AES-CTR: Advanced Encryption Standard (AES) was developed by Joan Daemen and Vincent Rijmen and was standardized by NIST in 2002. The algorithm operates in fixed block sizes for data of 128, 192 and 256 Bits. AES is a symmetric algorithm that uses a shared key with 128, 192 or 256 Bits. AES-CTR uses AES in counter mode, which turns AES into a stream cipher. A counter (the nonce) is encrypted using the key associated with the link. This results in a set of blocks. These blocks are then used just like an encryption stream in a stream cipher and XORed with the message to be encrypted. Performing the same action again decrypts the data. In Figure 1 we describe the AEC–CTR process.
According to the standard, AES-CTR offers encryption and freshness of data. However, the freshness protection is very limited. No integrity checking of the messages is built into this mode. Without integrity checking this encryption mode is weak and might expose other weaknesses in the protocol. It is trivial to manipulate packets and bypass the freshness counter, creating a DoS situation. For example by flipping a high bit in the freshness counter and force the receiving node to discard following traffic.
CBC-MAC: In this method the MAC is calculated covering the whole packet (header also included), by using CBC. The method can be summarized as below:
1) Start with an Initialization vector of 0.
2) XOR the vector with the first message block.
3) Encrypt the result with the current key.
4) The result of previous operation is XORed with the next message block.
5) Encrypt the result of Step 4.
6) Repeat Step 4 and Step 5 until all message blocks are considered.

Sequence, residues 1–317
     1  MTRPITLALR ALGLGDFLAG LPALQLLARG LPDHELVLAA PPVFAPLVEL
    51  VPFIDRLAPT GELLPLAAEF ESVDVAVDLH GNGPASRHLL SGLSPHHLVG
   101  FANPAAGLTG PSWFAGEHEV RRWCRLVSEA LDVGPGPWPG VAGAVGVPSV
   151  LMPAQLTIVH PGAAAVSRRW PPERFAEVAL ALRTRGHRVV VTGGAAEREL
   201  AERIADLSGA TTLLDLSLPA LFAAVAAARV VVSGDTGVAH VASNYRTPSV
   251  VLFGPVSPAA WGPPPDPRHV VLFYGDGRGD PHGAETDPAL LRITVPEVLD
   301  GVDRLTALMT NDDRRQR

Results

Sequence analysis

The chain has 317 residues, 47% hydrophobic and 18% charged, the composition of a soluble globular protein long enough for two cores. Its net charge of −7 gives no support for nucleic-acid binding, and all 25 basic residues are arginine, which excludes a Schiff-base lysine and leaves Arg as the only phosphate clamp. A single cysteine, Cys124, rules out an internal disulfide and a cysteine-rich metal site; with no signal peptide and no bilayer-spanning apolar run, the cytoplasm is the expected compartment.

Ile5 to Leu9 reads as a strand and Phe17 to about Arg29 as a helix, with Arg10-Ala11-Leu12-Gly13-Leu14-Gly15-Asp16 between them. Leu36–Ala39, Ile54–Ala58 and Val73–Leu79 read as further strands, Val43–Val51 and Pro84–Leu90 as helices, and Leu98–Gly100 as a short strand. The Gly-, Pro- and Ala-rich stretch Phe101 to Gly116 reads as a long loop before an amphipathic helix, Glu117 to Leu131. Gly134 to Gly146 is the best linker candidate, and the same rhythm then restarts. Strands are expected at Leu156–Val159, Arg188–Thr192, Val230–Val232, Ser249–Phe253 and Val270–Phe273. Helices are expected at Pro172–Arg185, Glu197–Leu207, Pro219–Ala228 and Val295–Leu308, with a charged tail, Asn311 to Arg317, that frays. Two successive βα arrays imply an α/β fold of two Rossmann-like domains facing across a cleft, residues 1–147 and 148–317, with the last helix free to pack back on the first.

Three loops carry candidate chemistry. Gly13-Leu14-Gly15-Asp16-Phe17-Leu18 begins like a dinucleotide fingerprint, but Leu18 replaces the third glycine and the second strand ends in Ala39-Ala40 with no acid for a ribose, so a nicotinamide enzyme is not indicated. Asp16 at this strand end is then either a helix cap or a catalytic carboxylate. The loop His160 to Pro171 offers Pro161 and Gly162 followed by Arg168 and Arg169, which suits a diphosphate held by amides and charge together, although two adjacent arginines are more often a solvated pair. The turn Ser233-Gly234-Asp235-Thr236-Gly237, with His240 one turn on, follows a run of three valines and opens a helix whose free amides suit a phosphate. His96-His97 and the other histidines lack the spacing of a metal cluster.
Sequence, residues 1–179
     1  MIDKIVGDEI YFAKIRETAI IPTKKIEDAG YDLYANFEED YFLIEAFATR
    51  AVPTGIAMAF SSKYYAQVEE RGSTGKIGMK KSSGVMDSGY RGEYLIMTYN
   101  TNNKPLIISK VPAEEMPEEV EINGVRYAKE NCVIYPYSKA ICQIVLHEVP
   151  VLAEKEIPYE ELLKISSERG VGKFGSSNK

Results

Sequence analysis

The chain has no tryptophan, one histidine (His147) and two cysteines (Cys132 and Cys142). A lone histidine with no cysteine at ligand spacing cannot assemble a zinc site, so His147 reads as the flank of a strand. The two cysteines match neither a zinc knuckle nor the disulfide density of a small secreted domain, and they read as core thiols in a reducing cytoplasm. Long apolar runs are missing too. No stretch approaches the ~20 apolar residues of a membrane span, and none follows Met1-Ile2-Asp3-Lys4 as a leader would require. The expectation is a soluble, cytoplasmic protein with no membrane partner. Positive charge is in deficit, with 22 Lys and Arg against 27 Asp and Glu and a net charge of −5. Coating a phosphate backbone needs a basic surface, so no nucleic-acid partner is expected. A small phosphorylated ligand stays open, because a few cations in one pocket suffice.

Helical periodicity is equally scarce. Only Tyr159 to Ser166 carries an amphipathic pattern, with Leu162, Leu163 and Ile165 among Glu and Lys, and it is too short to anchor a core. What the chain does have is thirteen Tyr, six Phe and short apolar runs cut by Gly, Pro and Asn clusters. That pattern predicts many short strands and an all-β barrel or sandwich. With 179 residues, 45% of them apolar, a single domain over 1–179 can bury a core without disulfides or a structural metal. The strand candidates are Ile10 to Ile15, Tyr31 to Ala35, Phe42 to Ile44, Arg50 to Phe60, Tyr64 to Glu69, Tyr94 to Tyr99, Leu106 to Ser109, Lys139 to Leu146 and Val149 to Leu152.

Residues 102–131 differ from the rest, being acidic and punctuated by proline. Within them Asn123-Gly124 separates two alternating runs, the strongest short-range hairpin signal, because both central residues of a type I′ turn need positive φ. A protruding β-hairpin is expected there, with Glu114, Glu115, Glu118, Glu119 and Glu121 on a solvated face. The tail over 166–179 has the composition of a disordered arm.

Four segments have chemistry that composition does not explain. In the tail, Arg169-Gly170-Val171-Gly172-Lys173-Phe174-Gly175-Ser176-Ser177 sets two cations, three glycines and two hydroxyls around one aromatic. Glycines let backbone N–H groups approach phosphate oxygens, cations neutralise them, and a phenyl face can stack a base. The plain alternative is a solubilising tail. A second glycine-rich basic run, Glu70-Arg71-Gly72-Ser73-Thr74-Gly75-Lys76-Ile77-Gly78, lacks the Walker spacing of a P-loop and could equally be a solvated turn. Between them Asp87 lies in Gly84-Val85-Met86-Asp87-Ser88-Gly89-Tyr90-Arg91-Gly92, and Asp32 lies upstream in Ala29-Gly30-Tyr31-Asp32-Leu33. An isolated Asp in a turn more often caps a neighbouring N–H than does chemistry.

In Figure 2, CBC-MAC process is described. The result is the MAC, which is added to the end of the original message. AESCBC- MAC offers integrity and authentication of the messages.
[12] Proposes a new IP Multimedia Subsystem (IMS) Service Authentication scheme using Identity Based Cryptography. [13] discusses security issues relevant to wireless sensor network such as key management, secure time synchronization, secure location discovery etc.


In this section, we discuss our scheme to provide end-to-end security of data transmitted in a self-organizing wireless sensor network. End to end security means data sent between two communicating devices can’t be seen by any third party or router. For a router (forwarding node), however it is important to know the packets it is forwarding has come from an authentic source. In such a situation transport layer PDU encryption and network layer PDU authentication is the best solution. THREAT MODEL Typical functions in a WSN include sensing and collecting data, processing and transmitting sensed data, possibly storing data for some time, and providing processed data as information e.g. to a so called sink node. A particular kind of processing that is essential is aggregation of data in the sensor nodes. Securing such functions turns out to be very challenging. Communication network, in general has a threat model where two communicating parties A (Alice) and B (Bob) communicate over an insecure channel. If an intruder Trudy gains control over the communication network, she/he can overhear messages between the partners, intercept them and prevent their delivery to the intended recipient. But this threat model also assumes that the end-points, Alice and Bob, are not themselves subject to attack. A WSN threat model is similar to the communication network threat model. Additionally, it is assumed that the endpoints cannot in general be trusted. An attacker may physically pick up sensor nodes and extract sensitive information.